To paraphrase Laplace’s possibly apocryphal words, I have no need for that hypothesis.
I’ve long been of the opinion that weak or negative atheism (a lack of belief in any gods) was a rational, defensible belief, but that strong atheism, also known as positive atheism (a positive belief that there is no god) was an insupportable claim that not only overreached, but betrayed a certain degree of arrogance. (Yes, the arrogant atheist thing – it takes time to shake off all those old ideas.)
Looking at the question again, I see my error. Obviously, from a logical and philosophical point of view, it would be making a big mistake to claim that a lack of satisfactory evidence of a being means that it definitely doesn’t exist. At this point, theists usually mention black swans as something that was wrongly supposed not to exist, but for every black swan there’s a Russell’s Teapot. Beliefs don’t become any more sensible just because they can’t be conclusively falsified.
And anyway, we don’t generally deal in precise logical and philosophical terms. I’m quite happy to say that homeopathy doesn’t work, psychics are frauds, and unicorns aren’t real. Strictly, I’m wrong to show such confidence, because I haven’t exhausted all possible avenues. Absence of evidence isn’t evidence of absence, and all those beliefs could be demolished with just a single example. But if I was presented with an example that disproved my claim, I’d change my mind.
It’s easy to see a bald statement that something doesn’t work/exist as arrogant and closed-minded, but that’s not how we talk in practice. When I say unicorns aren’t real, I’m drawing an inference based on the sum total of the evidence currently available. I don’t hedge it with caveats, just like I don’t say “According to current scientific theory” before any explanation of how something works, because those assumptions can be taken as read.
Suppose I’d repeatedly investigated mediums and found them wanting. Wouldn’t it be fair to say that mediums don’t talk to the dead? It might not be watertight as a logical conclusion, but it’s hardly unrealistic. I’d be far more worried about someone in that position who blandly said that they hadn’t found any genuine mediums yet, because they sound like the words of a potential mark.
As ever, there will be quibbles about exactly how sure you should be before saying that something doesn’t exist, the correct interpretation of the available evidence, and what would be necessary to change your mind. And there are undoubtedly some strong atheists who have no interest in evidence, and would never change their minds. That’s down to them, but it doesn’t affect the principle.
When I consider strong atheism now, it seems like a fancy name for a perfectly ordinary position. The only reason I can think of for someone not to identify with strong atheism is the inevitable and tedious attempts by theists to reverse the burden of proof because “it’s a belief”.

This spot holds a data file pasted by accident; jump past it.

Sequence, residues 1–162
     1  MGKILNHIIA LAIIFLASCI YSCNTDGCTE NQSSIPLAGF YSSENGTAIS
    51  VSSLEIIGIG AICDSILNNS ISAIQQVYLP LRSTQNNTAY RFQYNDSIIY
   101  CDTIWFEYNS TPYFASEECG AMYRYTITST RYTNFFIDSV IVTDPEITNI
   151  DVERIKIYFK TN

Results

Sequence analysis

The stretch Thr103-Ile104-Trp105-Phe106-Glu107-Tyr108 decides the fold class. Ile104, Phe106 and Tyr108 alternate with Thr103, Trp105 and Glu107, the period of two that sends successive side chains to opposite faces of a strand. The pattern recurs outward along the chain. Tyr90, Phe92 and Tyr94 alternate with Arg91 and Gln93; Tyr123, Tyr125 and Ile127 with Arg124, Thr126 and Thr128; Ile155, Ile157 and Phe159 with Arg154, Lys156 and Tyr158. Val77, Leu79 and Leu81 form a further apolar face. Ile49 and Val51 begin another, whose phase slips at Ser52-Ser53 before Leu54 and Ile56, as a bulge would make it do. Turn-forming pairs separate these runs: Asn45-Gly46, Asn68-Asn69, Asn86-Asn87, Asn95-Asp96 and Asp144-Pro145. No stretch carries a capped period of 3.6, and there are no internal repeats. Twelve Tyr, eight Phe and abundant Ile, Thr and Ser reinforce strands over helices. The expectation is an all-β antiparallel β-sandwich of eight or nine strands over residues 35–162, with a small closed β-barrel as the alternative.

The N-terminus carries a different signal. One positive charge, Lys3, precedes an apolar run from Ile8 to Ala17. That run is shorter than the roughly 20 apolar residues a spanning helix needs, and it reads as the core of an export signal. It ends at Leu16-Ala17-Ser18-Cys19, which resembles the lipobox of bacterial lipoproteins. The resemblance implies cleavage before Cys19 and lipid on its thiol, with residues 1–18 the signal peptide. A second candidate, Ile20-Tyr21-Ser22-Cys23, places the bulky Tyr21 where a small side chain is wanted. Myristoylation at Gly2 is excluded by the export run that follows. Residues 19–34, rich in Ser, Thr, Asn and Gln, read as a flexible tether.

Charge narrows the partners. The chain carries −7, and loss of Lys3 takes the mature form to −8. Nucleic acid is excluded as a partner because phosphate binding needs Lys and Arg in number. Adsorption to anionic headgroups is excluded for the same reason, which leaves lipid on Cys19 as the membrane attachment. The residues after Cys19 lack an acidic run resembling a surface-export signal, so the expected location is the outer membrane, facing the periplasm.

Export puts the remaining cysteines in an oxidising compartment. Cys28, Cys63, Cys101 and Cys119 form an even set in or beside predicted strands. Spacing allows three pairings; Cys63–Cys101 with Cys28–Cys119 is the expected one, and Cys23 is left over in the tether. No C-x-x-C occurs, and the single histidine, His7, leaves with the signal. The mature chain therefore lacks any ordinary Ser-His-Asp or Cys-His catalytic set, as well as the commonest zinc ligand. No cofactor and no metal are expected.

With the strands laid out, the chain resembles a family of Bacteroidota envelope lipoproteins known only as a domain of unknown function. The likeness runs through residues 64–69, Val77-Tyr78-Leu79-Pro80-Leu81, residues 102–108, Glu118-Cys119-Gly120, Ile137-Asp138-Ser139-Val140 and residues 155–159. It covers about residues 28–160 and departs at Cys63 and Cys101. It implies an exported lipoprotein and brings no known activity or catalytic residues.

The Independent recently ran an article gushing with praise for the Alpha Course, calling it “British Christianity’s biggest success story“. I can understand that in a world where results are what gets you noticed, but having attended an Alpha Course once upon a time, I still find it both appalling and wryly amusing that the church is putting so much weight on a course that’s so fundamentally dishonest.
I went on the course at a time when I was feeling uncertain of my faith, the best part of ten years ago. I thought a return to the basics might be just what I needed, so I booked myself in and prepared to ask my questions.
Before I go any further, and to forestall common defences of Alpha, I want to emphasise that I was under no illusions about the theology of the course, but that was what I wanted at the time, and I desperately wanted to believe. I also know that courses vary massively in tone and content, even though this is against the wishes of Nicky Gumbel and Holy Trinity Brompton, but the course I attended worked through the standard videos and books. What I experienced was the very core of Alpha.
The first couple of weeks were pleasant and inoffensive. Gumbel’s video talks were relatively vague and platitudinous, but our group had some interesting discussions. Some knew nothing about Christianity, some knew quite a lot, and one guy was always asking about Islam, which was a bit odd, and suggested he was probably attending the wrong course. The one thing that puzzled me was that no one was prepared to correct obvious errors and misunderstandings.
That all started to change soon enough. When Gumbel introduced the Bible, suddenly all the fluff was moved to one side. A couple of weak, hackneyed arguments about the provenance of the Bible were rushed through as if they had a train to catch, and from that point on, it was expected that any question could be resolved by appealing to the Bible as an infallible book of rules.
It was also about this time that the course organisers started to get far more involved. From not correcting misunderstandings, suddenly they were pretty obviously starting to tell everyone what to think. I’ve since read Gumbel’s book on running an Alpha Course, and this is what they’re told to do – avoid correction or criticism for the first few weeks, then start hitting them hard with the party line. It’s a deliberate strategy.
When I’m asked to describe Alpha, the phrase I use most often is bait-and-switch. The whole thing is based on the idea of friendly discussion, but quickly becomes an RE lesson. We have some old fragments of parchment containing copies of Biblical texts, therefore we can assume that it’s all 100% true. We’re just going to talk about some issues, except for when we go off on the Holy Spirit Weekend!
The what? Yes, you read correctly – the Holy Spirit Weekend.
I could say a lot of things about the Holy Spirit Weekend. It’s undoubtedly clever, but I think it’s also deeply cynical and manipulative. Everyone goes away somewhere to learn about the Holy Spirit. Why do you need to go away for a weekend? Because the unspoken intention is that the new hothouse environment will facilitate a spiritual experience that will get you hooked. One session is even called “How can I be filled with the Holy Spirit?”